Fear Incorporated: Canada’s Anti-Terror Bill and the Emergence of a Deep Police State

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Despite overwhelming scientific evidence that these dangerous wastewater-injection practices cause destructive quakes, the BLM failed to consider these effects in its evaluation of its latest lease auction in April 2016.

Last October, Canada’s Prime Minister Stephen Harper hid in a closet as shots rang out in the halls of the Canadian Parliament. The “terrorist attack,” which tragically took the life of Nathan Cirillo, a soldier on sentry duty at the National War Memorial, was the act of an unstable 32-year-old man named Michael Zehaf-Bibeau.

Zehaf-Bibeau, whose father was Libyan, had converted to Islam in 2004 and had no known ties to any terrorist group. He’d been living in a homeless shelter and had long-term problems with substance abuse. His attack – along with another that occurred near Montreal shortly before it, in which another man with a long history of mental illness ran over a soldier with his car – were seized on by politicians and the media to push forward new tools needed to fight “Islamic extremism” both at home and abroad.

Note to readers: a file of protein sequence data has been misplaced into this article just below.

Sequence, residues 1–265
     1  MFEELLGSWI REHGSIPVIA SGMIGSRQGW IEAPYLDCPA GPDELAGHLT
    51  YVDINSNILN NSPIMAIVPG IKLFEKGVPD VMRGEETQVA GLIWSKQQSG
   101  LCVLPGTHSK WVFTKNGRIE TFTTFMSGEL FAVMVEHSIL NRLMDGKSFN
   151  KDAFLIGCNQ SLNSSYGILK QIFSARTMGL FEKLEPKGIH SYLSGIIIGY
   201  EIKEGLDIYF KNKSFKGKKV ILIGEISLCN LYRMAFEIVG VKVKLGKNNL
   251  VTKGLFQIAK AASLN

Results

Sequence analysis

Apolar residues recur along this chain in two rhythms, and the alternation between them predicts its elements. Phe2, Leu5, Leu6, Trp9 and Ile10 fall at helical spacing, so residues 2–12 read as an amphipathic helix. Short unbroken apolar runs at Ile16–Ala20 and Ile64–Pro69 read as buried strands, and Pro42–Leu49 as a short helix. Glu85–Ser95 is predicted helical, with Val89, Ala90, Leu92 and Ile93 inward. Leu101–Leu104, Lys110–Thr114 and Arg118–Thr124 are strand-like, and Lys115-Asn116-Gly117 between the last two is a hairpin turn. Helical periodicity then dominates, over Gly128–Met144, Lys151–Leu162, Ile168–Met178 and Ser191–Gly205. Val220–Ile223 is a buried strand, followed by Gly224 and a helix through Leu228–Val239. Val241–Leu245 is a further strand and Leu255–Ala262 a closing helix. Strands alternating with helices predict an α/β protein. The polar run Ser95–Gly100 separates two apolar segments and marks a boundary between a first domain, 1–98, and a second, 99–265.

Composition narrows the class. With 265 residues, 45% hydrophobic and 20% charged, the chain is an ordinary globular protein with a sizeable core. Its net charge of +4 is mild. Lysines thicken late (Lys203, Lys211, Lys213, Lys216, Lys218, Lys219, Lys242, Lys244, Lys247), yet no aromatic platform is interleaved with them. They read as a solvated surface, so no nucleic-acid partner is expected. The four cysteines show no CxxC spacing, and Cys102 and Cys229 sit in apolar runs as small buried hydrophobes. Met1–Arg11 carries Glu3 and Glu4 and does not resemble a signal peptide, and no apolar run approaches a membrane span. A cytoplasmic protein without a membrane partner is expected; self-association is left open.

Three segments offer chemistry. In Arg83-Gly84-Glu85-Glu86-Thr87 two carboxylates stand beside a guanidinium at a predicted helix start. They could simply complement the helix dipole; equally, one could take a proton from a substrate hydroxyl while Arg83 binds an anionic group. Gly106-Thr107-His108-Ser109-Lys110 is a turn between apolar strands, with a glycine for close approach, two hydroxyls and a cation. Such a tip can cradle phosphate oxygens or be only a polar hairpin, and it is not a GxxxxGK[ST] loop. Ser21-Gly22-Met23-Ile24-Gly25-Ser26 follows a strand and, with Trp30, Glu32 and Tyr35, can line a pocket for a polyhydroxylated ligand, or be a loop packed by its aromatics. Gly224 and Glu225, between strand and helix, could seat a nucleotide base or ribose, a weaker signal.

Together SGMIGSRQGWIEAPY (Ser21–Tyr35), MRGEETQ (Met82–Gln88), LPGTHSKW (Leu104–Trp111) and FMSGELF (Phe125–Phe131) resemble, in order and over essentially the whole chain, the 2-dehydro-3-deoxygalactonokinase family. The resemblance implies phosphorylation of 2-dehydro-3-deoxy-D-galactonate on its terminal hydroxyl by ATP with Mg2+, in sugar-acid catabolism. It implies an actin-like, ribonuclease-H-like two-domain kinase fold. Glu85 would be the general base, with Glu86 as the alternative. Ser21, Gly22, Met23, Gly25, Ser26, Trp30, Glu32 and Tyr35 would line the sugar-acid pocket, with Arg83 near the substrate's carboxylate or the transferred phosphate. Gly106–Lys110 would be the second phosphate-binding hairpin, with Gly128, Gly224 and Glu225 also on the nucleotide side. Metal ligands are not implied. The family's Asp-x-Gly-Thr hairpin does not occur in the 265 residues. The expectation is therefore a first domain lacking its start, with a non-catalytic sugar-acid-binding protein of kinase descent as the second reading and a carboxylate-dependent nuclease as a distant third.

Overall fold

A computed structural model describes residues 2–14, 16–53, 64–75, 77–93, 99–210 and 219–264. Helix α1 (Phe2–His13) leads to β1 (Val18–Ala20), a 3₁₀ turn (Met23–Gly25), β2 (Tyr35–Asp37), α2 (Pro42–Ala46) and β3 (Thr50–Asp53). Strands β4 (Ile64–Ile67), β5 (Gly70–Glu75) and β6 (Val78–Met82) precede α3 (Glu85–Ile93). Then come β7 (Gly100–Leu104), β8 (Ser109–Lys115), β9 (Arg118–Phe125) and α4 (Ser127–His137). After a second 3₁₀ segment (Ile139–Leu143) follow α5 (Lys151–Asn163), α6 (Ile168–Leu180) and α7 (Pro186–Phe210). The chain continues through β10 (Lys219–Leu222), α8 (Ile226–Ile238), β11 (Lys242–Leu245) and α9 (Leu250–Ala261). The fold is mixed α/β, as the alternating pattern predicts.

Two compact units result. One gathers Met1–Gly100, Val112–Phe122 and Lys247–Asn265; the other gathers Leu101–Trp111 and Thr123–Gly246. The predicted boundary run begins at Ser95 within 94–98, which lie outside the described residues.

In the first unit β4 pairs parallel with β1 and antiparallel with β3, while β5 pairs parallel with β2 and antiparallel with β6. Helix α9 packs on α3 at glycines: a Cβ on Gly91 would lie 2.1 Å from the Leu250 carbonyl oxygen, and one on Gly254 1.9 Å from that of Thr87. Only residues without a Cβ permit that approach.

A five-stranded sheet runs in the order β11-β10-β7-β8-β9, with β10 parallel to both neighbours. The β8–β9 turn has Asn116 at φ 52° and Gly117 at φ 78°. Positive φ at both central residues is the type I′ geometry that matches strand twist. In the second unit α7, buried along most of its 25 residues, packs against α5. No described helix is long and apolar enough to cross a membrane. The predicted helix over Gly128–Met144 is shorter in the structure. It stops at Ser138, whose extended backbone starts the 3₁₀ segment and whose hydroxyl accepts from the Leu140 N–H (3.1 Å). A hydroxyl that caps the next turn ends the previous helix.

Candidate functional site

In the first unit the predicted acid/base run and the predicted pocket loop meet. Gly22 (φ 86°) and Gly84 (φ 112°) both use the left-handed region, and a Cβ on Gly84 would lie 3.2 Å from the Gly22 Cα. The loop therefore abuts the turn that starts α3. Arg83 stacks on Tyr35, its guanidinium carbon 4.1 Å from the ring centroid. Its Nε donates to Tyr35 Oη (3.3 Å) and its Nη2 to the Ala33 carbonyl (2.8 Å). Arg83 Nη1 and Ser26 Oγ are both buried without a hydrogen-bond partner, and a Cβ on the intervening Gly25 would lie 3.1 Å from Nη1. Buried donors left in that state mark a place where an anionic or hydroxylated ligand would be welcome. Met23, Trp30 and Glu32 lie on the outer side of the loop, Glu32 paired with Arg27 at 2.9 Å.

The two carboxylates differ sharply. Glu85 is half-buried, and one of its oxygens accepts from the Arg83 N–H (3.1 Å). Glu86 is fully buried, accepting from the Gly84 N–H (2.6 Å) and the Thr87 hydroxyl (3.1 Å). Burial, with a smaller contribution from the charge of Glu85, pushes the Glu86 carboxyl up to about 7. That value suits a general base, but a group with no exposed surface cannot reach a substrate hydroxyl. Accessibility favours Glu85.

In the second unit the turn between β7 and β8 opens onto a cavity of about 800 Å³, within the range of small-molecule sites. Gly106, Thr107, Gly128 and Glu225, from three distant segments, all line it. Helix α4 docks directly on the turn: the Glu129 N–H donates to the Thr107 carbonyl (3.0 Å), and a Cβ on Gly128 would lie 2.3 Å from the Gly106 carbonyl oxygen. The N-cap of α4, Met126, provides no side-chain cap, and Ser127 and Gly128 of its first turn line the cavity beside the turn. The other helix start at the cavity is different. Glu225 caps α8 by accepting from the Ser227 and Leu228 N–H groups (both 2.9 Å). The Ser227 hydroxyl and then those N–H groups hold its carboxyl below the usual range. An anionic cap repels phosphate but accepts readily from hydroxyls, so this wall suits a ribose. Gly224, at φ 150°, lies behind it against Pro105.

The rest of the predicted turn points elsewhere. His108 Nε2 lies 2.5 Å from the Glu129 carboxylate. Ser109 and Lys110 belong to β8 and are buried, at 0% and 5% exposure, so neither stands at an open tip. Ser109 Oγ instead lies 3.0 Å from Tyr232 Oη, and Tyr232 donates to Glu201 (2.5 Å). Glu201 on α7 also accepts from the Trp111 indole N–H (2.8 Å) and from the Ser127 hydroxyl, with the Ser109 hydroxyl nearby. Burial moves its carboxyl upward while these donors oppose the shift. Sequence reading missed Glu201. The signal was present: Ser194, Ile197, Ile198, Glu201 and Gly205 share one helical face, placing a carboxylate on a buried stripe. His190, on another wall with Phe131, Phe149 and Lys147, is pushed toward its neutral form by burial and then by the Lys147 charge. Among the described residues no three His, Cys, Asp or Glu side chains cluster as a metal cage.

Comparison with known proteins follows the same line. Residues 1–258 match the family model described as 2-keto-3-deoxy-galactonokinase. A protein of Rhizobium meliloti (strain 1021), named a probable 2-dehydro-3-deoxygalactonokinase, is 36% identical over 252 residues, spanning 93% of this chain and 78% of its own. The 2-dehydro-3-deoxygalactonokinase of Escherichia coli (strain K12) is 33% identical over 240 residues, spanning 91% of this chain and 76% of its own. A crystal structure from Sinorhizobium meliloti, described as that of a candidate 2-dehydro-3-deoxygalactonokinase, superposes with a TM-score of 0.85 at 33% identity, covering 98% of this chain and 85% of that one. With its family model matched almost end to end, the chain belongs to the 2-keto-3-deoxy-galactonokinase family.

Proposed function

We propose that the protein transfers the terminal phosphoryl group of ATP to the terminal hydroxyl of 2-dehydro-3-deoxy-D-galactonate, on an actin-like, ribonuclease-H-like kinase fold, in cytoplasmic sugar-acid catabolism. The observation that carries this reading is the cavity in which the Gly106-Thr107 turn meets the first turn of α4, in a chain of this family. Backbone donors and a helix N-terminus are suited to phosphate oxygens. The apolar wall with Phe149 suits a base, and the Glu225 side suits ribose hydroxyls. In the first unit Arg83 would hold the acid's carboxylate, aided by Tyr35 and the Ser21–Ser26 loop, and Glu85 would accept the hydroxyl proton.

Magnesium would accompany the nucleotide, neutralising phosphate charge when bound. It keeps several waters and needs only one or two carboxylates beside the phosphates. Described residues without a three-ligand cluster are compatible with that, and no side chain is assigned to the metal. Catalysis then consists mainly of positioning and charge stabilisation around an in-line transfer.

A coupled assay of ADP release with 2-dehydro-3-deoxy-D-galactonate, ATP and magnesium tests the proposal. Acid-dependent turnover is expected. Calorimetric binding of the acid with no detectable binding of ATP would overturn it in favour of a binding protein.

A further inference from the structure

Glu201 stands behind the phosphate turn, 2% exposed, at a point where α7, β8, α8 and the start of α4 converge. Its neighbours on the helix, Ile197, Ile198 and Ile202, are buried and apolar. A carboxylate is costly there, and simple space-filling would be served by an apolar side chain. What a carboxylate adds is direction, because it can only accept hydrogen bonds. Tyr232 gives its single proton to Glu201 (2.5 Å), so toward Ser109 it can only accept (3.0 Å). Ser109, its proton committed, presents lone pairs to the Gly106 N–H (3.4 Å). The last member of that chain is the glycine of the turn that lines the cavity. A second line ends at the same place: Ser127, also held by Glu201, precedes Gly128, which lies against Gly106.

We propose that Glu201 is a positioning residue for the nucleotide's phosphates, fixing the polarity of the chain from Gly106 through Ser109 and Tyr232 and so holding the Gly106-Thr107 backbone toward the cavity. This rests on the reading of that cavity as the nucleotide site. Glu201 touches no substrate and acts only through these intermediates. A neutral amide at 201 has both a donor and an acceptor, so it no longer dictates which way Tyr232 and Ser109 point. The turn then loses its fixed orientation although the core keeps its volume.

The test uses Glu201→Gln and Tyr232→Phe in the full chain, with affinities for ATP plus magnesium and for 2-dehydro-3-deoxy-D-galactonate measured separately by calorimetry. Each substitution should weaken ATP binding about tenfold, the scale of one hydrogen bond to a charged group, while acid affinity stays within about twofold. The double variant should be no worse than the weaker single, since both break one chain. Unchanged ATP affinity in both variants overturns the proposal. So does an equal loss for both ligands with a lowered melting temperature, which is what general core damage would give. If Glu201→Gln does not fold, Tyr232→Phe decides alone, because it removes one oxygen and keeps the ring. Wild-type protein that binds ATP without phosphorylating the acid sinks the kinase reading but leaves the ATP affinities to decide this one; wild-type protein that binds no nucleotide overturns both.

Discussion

Soon after Zehaf-Bibeau’s attack, Canadian pilots joined in NATO airstrikes on ISIL targets in Iraq, drawing the country into renewed war in that nation – a conflict former Prime Minister Jean Chretian had wisely avoided in 2003. Meanwhile, on the domestic front, the Harper government crafted legislation further empowering Canadian security services at the expense of rights guaranteed to Canadians under the country’s Charter of Rights and Freedoms.

L, the final bill, C-51, easily passed its second reading – despite being more wide-ranging than most observers expected. One glaring example was a provision in the bill allowing police to engage in what were previously illegal searches and seizures in terrorism cases.

If made into law, Canadian judges will now be able to issue “disruption warrants” in terrorism cases that “would give cops and spies the go-ahead to ‘enter any place or open or obtain access to anything,’ copy any documents and install or remove anything they see fit.” Some of the language in C-51 defines terrorism so broadly, it appears that anyone who disagrees with neo-liberal aims – whether in economic or foreign policy – could be tarred with the “terrorist” brush.

Read more at Occupy.com.

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